Charges in an alleged plot at JFK airport show FBI emphasis on intelligence-gathering.
The FBI's takedown of a alleged plot to blow up the major jet-fuel tanks and supply pipeline for John F. Kennedy International Airport is a sign that the federal law-enforcement agency is coming into its own as a domestic intelligence agency in the post-9/11 era.
No longer simply made up of the crime-fighting G-men portrayed by actor James Cagney in the 1930s, the FBI is now training its agents to think more like the intelligence analysts who have long inhabited the warrens of the CIA's Langley headquarters.
The four men charged over the weekend in connection with the JFK airport had allegedly been plotting since January 2006. One was a former airport employee who had done extensive surveillance of the grounds, according to the criminal complaint. Another, a former member of Guyana's parliament, planned to tap radical groups in South America and the Caribbean for support, the complaint says.
Had the defendants carried out their plan, it could have resulted in "unfathomable damage, deaths, and destruction," said US Attorney Roslynn Mauskopf in announcing the charges. Yet the plans were never operationally feasible, and the public was not at risk. "We remain unwavering in our commitment to stop terrorist plots before they become terrorist acts," she said.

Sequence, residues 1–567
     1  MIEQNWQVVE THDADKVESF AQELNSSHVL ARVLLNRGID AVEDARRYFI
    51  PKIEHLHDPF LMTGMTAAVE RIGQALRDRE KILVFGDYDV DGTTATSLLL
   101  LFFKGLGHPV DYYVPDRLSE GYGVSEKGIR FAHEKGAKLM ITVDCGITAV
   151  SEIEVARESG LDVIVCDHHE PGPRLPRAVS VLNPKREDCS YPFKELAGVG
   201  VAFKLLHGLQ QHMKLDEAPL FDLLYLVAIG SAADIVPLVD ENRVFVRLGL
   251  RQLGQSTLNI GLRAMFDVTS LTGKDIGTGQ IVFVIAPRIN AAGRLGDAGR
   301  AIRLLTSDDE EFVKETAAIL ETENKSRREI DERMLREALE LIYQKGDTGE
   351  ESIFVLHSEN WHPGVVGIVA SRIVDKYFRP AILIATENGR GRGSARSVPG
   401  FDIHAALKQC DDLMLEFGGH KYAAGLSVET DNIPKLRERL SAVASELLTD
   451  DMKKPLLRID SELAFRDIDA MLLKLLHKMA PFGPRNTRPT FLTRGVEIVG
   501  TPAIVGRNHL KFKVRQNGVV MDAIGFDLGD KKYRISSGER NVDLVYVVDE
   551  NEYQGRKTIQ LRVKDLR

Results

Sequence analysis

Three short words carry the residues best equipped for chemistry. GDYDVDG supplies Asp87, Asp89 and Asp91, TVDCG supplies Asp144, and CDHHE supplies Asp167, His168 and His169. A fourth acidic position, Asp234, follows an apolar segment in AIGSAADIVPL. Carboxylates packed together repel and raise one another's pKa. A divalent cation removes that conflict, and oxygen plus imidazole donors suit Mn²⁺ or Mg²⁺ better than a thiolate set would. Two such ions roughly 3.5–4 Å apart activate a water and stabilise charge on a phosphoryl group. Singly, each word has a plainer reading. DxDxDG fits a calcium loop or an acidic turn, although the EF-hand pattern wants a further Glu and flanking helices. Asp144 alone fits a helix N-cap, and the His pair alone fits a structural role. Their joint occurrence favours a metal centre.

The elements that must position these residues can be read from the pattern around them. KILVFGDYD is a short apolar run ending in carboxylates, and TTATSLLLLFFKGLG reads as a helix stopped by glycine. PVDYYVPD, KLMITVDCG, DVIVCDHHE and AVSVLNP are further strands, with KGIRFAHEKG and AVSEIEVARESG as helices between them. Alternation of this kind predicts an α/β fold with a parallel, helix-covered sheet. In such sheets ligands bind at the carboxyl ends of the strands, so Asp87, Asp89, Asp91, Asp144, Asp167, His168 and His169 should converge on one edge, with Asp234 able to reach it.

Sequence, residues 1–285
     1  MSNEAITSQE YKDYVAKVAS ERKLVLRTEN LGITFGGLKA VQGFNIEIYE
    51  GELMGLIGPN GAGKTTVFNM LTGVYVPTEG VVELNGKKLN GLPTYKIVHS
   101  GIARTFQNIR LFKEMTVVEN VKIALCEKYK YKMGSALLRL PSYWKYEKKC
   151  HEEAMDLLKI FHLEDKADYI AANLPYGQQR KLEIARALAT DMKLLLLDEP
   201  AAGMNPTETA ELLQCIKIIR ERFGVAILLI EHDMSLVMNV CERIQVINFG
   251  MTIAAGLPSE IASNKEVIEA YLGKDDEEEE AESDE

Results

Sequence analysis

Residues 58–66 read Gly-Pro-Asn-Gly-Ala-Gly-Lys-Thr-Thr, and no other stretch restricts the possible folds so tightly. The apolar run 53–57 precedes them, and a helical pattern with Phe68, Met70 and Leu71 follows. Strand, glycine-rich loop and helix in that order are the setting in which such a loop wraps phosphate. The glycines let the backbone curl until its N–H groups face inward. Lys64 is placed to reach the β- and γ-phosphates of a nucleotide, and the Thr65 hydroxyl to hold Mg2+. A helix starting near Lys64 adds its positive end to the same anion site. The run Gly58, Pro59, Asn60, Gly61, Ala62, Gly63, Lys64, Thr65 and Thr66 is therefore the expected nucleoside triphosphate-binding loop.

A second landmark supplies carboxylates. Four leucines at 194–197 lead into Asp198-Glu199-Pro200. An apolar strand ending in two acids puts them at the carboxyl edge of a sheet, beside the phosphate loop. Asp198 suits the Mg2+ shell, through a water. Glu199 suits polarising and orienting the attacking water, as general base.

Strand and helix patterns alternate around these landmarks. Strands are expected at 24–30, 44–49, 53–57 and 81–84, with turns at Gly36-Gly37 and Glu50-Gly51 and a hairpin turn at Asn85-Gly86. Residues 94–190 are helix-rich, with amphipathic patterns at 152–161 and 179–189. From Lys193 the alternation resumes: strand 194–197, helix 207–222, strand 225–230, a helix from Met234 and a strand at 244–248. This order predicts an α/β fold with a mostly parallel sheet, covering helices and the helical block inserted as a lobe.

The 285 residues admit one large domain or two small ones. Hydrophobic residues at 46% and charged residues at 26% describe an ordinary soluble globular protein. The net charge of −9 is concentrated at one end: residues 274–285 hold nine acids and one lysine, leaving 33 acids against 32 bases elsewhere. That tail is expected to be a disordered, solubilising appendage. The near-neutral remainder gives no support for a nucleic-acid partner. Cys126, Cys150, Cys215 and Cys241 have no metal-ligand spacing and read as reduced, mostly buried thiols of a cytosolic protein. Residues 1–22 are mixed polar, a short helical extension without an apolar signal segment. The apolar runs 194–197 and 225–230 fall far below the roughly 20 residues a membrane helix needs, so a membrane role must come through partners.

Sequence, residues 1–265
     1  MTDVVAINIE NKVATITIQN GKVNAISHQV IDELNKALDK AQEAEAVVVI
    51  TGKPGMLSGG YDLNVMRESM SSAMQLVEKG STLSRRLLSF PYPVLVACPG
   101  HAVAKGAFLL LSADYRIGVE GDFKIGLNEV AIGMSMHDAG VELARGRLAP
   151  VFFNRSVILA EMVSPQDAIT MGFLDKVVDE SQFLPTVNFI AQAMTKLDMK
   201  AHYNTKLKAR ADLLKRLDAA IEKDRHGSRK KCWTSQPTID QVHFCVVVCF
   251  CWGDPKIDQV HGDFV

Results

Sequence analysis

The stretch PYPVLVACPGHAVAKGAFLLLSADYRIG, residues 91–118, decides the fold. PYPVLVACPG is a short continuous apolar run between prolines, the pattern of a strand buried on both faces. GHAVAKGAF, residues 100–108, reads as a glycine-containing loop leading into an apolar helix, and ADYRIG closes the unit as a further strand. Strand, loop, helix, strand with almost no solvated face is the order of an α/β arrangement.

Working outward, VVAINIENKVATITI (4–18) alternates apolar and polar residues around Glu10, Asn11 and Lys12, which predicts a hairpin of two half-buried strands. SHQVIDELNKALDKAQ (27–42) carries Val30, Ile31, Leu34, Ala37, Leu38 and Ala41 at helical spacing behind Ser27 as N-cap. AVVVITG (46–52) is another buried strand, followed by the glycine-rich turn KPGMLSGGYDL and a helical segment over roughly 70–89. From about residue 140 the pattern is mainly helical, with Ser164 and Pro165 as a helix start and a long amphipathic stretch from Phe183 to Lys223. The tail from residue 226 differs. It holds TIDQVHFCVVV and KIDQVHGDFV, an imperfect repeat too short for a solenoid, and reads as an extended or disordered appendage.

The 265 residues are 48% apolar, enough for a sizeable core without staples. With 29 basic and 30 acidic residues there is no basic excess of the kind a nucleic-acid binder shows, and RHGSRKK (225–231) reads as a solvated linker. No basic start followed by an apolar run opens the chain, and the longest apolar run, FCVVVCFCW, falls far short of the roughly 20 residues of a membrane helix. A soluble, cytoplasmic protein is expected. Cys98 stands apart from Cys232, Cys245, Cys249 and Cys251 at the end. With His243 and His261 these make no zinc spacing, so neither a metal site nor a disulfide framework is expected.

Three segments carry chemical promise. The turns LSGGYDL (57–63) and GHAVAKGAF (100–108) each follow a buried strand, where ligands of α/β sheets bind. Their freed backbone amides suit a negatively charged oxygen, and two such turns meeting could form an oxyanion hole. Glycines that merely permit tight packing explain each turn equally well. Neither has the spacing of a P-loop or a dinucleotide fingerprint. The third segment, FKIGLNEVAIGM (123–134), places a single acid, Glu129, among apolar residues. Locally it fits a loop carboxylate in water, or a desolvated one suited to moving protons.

The shift among federal and local law-enforcement officials – from investigating and prosecuting crimes after the fact to proactively working to prevent terrorism – became a top priority in Washington after 9/11 revealed intelligence failures. But the transition has been under way for decades, starting with the FBI's successful infiltration of La Cosa Nostra – the Mafia – in the 1970s and 1980s. In the 1990s, the New York Police Department also started using intelligence techniques to analyze crime trends and infiltrate drug gangs.
But 9/11 speeded up the transition. And the way that the JFK plot was handled is indicative of the changed focus.